Your older brother’s turning 40. You revere him, admiring the two stints he served in the Middle East as a naval officer. He’s a towering 6 feet, 5 inches tall. He rowed at Virginia.
“A 6-5 monster,” Chris Heuisler (rhymes with Chrysler) says of his sibling, John.
John is a husband, father, son, brother, employee, athlete. He reads stories to his daughters before tucking them in at night.
“One of his best traits is he’s loyal,” says Chris, “almost to a fault.”
Chris wants to throw John a surprise birthday party. Not the kind where you send out the e-mail blast, set a date, invite everyone to a house or restaurant, then yell “Surprise!” when he walks through the door.
Lame. Cliché. Not good enough. So what do you do?
If you’re Chris, you think of the bond you share with your brother. You’re runners, John talking you into the first marathon you ran together back in 2000. You like the 26.2-mile experience so much you make a promise to each other. You’ll run a marathon in all 50 states. They’re at 22 states and counting.
“It was a nice way for us to bond a little bit,” says Chris.
Still, the nagging question. How do you celebrate John’s milestone 40th? Then one day last year – May 16, 2014 to be precise – it came to Chris while he was logging sprint intervals near his home outside Boston.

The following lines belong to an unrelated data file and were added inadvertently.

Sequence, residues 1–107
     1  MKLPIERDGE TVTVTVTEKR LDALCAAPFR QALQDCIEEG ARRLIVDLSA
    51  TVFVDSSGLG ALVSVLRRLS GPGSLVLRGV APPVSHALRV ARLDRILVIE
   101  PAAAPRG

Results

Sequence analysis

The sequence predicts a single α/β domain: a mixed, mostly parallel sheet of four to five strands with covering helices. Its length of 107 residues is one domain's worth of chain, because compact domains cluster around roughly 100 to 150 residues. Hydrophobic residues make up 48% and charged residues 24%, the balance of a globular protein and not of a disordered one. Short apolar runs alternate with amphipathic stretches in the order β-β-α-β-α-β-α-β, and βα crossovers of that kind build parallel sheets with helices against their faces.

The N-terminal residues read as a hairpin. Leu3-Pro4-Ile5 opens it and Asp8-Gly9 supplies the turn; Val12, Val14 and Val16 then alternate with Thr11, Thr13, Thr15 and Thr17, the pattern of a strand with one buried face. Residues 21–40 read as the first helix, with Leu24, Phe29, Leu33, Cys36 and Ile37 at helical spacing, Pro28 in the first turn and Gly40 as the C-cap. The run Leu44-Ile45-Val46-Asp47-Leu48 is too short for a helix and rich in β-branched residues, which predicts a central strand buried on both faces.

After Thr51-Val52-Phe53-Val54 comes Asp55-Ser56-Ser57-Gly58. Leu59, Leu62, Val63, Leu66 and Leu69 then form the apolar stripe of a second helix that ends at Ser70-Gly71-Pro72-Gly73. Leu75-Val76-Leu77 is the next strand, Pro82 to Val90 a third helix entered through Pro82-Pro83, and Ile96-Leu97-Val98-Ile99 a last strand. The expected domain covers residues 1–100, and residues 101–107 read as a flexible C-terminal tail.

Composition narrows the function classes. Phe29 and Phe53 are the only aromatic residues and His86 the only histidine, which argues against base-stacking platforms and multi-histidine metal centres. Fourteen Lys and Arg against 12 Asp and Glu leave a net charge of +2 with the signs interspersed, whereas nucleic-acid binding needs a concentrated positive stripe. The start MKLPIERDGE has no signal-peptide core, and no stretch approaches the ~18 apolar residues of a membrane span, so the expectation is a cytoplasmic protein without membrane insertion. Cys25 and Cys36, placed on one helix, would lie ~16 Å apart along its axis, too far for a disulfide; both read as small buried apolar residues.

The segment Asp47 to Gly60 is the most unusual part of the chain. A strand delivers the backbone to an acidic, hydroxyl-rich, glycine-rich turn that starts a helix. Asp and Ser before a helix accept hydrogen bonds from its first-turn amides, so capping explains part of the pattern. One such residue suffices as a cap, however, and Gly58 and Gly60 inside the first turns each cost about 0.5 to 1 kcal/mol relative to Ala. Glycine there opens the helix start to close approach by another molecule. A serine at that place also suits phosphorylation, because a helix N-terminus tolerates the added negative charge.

“Struck me like a punch in the face,” recalls Chris.
Chris would create a ‘This is Your Life’ experience, inviting family and friends to join them for the 2015 Rock ‘n’ Roll Raleigh Marathon, which was held April 12, 2015, 11 months after Chris hatched the idea.
Chris wanted a meaningful person in John’s life to meet them at each mile marker and run one mile with John, a sort of human baton pass all the way to the finish line.
The hard part? Keeping it all on the QT, planning a rollicking 26.2-mile surprise party for nearly a year without John sniffing out the surprise. Via e-mails and texts, Chris let more than 100 people in on the secret.
“I don’t understand how nothing leaked out,” says Chris.
Say this: The Heuislers can keep a secret.
A cousin from Los Angeles made trip, as did a friend from Canada. All four of John’s siblings, plus his parents ran relay legs. College friends showed up, including a Virginia rowing teammate. Chris arranged for two people John had never met to run with them because they represented two causes dear to John’s heart.